ous situations are those that combine high water stress and state fragility.
Some historical analysis suggests that societies can be very slow to act upon strong signals from environmental change, resulting in breakdowns that, from a historical vantage, are shocking (e.g., Diamond, 2004). The frequency with which breakdowns occur due to environmental stress have led some analysts to argue that societies should consider carefully how they will rebuild (Homer-Dixon, 2006).
Even in the absence of catastrophic events, existing water management institutions and treaty arrangements would need to evolve in order for cooperation to be a more likely outcome than conflict. The web of economic and social relationships in the region has become increasingly complex and intricate, and the numbers of stakeholders and interested parties in water resource management have multiplied. This creates new sets of challenges for governance and stability International treaties may also have to adopt a more integrated ecological approach so that water issues are not considered in isolation from the management of land, energy, and other resources. This creates a greater role for scientific knowledge and makes international collaboration on scientific issues all the more important.
More generally, regional—as opposed to bilateral— frameworks for resource management may become increasingly necessary (and if robust regional governance mechanisms emerge, then new forms of early warning and response will become possible). Historically, large regional powers throughout the world have tended to favor bilateral arrangements, which have been the norm, while small and medium powers have enjoyed greater leverage within multilateral institutions (see Naidu  and Singh  for a discussion of the shift in India’s position in favor of multilateralism). Moving forward, however, as countries such as India play a more prominent role on the world stage, they may be increasingly willing to embrace regional and multilateral arrangements and try, to the extent possible, to structure these institutions to their advantage.
Key features of the environmental security of the HKH region were identified at the workshop by the breakout groups on Demography and Security and Risk Factors and Vulnerabilities. Starting from those concepts, the Committee used its expert judgment, reviews of the literature, and deliberation to develop the following conclusions:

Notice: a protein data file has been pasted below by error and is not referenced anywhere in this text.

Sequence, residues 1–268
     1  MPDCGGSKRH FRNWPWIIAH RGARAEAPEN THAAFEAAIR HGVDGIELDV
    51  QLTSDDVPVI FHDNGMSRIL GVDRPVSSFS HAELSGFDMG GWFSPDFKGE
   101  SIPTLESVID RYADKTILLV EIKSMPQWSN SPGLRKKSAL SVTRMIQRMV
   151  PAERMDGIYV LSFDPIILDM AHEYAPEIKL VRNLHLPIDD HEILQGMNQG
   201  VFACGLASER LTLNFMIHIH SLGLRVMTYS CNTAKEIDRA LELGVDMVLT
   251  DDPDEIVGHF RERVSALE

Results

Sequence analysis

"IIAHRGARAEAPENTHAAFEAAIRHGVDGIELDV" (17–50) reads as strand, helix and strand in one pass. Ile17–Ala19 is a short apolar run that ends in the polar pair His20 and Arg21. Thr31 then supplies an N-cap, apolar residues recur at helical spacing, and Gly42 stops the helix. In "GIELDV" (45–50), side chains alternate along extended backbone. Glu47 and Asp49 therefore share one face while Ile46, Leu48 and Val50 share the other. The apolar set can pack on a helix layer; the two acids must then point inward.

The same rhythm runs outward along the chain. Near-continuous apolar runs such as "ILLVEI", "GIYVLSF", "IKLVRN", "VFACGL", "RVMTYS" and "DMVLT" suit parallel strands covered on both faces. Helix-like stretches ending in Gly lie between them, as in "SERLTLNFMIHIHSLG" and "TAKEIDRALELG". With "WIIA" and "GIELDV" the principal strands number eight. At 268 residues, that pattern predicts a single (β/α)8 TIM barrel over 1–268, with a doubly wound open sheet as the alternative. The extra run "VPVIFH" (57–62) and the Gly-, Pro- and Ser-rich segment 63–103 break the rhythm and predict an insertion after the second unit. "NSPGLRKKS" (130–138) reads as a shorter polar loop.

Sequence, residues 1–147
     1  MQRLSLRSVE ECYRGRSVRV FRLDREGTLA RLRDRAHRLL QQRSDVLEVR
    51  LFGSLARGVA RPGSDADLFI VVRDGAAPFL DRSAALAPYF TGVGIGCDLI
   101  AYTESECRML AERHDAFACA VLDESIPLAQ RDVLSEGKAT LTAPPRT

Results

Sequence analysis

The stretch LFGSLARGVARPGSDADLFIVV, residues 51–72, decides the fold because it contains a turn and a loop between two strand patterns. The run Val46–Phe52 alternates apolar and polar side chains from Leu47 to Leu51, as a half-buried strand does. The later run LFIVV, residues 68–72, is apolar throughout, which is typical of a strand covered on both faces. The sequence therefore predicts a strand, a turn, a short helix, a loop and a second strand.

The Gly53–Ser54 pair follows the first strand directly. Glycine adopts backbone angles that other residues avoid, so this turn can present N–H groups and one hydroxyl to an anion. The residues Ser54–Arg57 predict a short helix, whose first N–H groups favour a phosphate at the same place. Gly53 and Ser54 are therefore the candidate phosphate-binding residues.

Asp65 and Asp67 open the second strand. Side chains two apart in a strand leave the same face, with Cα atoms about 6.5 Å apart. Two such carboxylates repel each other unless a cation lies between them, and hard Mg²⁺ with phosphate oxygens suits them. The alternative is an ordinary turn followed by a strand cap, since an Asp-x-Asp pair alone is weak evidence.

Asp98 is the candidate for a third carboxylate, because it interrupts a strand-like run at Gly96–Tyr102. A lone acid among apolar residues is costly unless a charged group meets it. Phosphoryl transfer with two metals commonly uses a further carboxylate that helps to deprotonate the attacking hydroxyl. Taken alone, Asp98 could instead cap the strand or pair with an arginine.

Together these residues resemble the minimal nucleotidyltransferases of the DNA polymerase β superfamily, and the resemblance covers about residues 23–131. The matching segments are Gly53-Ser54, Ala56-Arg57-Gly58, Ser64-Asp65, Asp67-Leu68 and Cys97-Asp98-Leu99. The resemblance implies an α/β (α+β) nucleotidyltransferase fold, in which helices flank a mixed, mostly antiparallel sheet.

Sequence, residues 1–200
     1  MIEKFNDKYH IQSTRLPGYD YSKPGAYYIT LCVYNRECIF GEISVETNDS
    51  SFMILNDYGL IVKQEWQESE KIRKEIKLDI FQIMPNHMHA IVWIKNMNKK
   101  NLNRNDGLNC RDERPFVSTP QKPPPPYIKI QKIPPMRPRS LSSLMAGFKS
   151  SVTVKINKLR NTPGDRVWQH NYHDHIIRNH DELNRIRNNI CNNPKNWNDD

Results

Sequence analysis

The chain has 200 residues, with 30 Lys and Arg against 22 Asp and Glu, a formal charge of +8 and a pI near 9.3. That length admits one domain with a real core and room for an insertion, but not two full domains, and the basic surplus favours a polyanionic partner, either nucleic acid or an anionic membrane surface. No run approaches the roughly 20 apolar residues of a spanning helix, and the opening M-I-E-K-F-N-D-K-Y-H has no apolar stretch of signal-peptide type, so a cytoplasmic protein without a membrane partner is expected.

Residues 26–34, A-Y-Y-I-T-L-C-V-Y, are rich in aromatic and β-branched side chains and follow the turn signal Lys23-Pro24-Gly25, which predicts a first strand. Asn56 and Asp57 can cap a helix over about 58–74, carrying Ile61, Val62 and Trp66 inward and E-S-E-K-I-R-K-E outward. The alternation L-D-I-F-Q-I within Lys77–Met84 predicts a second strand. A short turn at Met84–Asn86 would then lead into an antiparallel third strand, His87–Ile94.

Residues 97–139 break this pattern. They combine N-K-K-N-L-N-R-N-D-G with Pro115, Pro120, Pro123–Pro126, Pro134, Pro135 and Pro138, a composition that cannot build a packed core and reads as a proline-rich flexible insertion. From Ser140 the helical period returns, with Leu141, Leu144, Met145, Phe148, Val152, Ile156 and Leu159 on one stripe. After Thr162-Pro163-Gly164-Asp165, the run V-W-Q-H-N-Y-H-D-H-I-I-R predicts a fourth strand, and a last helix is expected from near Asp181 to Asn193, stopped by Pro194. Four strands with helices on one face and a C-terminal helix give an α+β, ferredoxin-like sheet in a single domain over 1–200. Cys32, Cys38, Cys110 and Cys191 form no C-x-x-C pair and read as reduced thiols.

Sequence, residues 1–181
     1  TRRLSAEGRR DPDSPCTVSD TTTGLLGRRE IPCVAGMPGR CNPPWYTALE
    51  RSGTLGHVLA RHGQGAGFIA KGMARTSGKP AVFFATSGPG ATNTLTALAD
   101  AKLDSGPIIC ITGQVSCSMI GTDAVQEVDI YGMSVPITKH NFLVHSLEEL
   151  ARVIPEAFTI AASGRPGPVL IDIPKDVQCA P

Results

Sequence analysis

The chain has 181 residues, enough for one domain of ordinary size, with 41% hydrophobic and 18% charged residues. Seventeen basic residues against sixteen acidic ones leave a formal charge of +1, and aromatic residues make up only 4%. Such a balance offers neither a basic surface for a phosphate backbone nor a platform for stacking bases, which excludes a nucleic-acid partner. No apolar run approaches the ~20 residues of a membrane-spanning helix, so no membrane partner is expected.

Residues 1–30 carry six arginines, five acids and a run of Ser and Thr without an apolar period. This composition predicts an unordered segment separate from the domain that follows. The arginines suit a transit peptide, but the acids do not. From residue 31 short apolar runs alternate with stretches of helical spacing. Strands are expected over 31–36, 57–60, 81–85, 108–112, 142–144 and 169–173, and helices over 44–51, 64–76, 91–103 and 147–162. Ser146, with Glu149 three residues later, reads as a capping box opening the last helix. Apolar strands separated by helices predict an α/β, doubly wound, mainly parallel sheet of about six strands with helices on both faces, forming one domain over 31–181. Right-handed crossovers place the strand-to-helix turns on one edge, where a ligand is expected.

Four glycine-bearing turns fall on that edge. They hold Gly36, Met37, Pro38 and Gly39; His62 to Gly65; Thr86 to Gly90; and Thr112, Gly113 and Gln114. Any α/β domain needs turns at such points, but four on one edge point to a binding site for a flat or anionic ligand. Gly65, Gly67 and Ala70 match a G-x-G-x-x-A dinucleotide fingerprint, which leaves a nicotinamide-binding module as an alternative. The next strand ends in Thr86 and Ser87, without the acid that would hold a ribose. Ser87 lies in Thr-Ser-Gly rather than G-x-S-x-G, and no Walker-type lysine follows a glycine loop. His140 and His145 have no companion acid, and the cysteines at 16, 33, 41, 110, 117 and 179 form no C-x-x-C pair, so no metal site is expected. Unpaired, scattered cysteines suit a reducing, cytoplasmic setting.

• Natural disasters in South Asia involve meteorological, hydrological, and geophysical phenomena that are not unique to the HKH region. Current efforts that focus on these natural hazards and disaster reduction in South Asia can offer useful lessons when considering and addressing the potential for impacts resulting from changes in snowmelt processes and glacial retreat in the region.
• Current international datasets indicate that over the past century, natural disasters in the region have been flood-dominated in terms of the frequency of events and number of people affected. However, the number of people killed over the past century by natural disasters was dominated by droughts and related famines. Over the past 30-year period the patterns and trends are less clear. Floods have had increasing significance in the numbers of people affected, while earthquakes have been associated with the highest number of people killed.
• Modernization and globalization may reduce losses of life and long-term macroeconomic impacts of disasters, but they can also increase the numbers of people affected and the economic damages.
• At the regional level of disaster management, organizations give particular emphasis to international cooperation, information sharing, and capacity building, as well as an increasing emphasis on linking climate change with disaster risk reduction. At the national and state levels, processes of devolution or centralization over time can affect disaster response. An increased focus on vulnerability and resilience within the disaster research community could lead to improved disaster management.
• Changes in transboundary water flows can generate or increase conflicts of interest among riparian countries, and these climate-induced changes will further complicate changes driven by economic, demographic, and political factors.
• Among the most serious challenges, even in the absence of climate change, are the magnitude of conflicting demands for limited water resources, the lack of corresponding institutional capacity to cope